Nine years ago, Bobby Wilson retired from the University of Georgia (UGA) Cooperative Extension. While the norm at this time of your life is to dream of relaxation, staycations and travel, Bobby had a different idea. He used his retirement funds to purchase a 5-acre plot in downtown Atlanta, a decision supported by his wife, Margaret, and his family.
He called it the Metro Atlanta Urban Farm, and it’s now the headquarters of The American Community Gardening Association (ACGA), which Bobby was a leader and past president.
While at UGA as a Cooperative Extension Agent, he worked with underserved area residents in urban areas. One of his favorite initiatives involved working with seniors, many who were scared to venture outside in their neighborhoods. He used the garden to get the seniors outside and engaged in creating urban garden plots. In the housing projects he visited, he became known as the ‘garden man’ and was left alone.
“Retire?,’ says Bobby with a laugh, “I never thought of retiring and now I can work without getting bogged down in paperwork. Teaching underserved folks how to grow food has always been more than just about growing vegetables – you’re growing people no matter what their age.”
“We use our farm as a teaching tool and an empowerment zone. We want to give kids and people of all ages a sense of their worth and what they can do and that by focusing on something they can accomplish a lot for themselves and others,” continued Bobby.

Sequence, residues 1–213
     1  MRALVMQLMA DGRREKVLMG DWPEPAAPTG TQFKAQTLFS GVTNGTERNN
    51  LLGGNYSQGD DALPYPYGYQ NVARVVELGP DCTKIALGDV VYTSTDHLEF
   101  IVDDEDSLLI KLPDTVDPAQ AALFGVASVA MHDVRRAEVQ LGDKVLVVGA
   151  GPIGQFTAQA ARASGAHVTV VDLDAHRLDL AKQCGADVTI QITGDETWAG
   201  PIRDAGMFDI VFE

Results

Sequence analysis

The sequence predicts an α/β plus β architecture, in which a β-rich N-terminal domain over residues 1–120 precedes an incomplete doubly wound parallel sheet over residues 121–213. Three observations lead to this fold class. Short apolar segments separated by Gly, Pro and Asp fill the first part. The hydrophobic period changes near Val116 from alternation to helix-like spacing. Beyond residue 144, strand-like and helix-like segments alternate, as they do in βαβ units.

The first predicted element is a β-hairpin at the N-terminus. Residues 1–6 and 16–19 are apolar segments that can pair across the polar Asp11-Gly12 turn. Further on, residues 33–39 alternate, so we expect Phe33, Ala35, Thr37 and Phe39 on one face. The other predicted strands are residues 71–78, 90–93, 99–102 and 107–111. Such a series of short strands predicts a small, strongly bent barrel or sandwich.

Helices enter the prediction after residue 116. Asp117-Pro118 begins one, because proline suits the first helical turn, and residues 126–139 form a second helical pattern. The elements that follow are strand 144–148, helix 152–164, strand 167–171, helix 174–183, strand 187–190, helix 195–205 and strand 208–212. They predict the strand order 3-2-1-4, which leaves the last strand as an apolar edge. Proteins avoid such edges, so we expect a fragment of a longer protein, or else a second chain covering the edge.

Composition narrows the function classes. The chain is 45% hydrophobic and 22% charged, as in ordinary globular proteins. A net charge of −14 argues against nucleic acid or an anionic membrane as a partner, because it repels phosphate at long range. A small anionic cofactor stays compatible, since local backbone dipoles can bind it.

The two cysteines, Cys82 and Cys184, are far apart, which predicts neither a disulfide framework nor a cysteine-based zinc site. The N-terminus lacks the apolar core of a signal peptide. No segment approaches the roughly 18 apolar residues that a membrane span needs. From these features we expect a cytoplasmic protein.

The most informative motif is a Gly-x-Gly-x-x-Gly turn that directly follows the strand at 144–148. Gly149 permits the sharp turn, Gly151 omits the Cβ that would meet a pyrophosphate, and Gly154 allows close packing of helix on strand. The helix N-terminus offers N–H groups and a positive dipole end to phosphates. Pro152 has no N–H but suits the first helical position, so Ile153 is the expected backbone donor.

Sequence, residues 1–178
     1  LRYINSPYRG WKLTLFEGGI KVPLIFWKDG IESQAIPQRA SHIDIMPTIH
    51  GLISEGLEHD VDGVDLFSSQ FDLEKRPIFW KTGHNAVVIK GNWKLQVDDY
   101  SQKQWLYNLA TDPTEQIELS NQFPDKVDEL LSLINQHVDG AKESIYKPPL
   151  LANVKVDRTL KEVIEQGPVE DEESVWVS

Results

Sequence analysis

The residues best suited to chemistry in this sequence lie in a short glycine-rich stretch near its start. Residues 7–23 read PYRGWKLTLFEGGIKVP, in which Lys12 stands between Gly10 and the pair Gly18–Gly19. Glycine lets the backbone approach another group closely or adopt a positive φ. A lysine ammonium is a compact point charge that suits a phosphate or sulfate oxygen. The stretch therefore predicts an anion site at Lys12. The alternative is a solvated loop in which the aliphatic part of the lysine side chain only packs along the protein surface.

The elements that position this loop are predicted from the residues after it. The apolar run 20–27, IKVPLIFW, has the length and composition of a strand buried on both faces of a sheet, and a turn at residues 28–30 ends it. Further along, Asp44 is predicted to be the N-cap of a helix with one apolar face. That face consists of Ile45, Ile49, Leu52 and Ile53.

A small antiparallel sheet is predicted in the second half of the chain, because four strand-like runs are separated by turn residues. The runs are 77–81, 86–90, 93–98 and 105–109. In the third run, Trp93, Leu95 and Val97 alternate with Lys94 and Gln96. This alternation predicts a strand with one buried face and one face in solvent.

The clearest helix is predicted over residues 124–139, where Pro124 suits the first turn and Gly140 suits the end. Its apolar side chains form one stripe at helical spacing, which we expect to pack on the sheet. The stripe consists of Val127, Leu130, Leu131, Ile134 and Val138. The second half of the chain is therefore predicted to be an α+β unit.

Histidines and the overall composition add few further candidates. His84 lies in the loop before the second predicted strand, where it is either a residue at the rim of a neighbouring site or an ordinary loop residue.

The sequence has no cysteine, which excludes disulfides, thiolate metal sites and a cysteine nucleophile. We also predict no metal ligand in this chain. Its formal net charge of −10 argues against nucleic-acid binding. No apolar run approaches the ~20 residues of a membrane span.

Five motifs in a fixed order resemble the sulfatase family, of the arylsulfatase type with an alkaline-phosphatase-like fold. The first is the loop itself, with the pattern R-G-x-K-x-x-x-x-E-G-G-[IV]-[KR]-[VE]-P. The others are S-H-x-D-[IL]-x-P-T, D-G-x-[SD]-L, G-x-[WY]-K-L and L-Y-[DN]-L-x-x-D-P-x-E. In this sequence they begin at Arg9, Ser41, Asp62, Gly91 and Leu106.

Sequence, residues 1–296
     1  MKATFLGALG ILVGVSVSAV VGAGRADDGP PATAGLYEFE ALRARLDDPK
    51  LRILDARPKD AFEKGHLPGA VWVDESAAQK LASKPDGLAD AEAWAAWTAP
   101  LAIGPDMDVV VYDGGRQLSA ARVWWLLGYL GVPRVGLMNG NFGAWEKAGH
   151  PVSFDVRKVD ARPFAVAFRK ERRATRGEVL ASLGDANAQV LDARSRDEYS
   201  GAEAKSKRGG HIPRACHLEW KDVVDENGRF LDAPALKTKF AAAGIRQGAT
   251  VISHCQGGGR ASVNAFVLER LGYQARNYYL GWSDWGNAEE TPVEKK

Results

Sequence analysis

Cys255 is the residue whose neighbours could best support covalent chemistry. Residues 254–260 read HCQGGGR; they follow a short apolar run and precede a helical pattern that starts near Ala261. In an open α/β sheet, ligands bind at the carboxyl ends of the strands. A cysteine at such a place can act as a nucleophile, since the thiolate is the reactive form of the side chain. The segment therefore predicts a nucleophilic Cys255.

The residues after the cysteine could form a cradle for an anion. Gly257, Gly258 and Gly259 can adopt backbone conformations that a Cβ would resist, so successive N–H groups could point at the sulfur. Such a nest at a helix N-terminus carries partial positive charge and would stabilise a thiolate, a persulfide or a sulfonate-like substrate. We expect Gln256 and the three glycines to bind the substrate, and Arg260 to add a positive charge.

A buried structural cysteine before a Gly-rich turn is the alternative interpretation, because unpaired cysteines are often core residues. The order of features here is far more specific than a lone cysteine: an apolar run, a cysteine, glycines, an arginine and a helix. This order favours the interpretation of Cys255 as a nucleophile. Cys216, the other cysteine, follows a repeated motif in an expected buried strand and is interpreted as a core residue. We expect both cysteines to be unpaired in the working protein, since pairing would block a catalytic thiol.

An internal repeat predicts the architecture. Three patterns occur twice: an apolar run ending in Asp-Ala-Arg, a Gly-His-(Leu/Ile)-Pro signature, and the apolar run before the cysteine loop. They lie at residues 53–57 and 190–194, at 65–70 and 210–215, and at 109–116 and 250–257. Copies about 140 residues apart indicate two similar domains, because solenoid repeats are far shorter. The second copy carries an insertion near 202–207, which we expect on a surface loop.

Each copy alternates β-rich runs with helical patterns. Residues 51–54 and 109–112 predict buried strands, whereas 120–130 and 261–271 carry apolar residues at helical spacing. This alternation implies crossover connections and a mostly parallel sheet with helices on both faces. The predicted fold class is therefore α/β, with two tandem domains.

So what kind of dividends has his retirement plan yielded? Here’s a partial list:
- 300 to 400 homeless are fed per month with produce from the farm through the Atlanta Union Mission
- Site visits to churches and other nonprofits to help them identify garden leaders and sites to grow their own food with guidance from farm experts
- Created the Metro Atlanta Urban Garden Leadership association as an opportunity to get urban gardeners together for gardening know-how, leadership, networking and problem-solving
- 5,000 elementary school age kids per year visit the farm on fields trips to better understand the relationship between their food and the soil
- Community service option for juvenile offenders. He’s now hired two of the kids who came from that program, as they’re not just working in the garden, but learning to cook, how to engage with others who may have different viewpoints and the value of teamwork
- 500 children visit the farm’s seasonal festivals. They bring policeman to the event so children can meet and engage with the police in a friendly and safe space.
Bobby’s an example of how wealth should be measured – how you give back, engage with community and create meaningful change.
I’ve had the pleasure of knowing Bobby for about 20 years as an ACGA Board member and also had the opportunity to visit the farm last September at a Garden Writers Association conference.
All of us here at KidsGardening believe that every child should have the opportunity to learn through the garden and Bobby, Cathy, and their team only reaffirm our determination and passion for what we do. Learn more about the impact of getting more kids learning through the garden.
PHOTO CREDITS: Rob Cardillo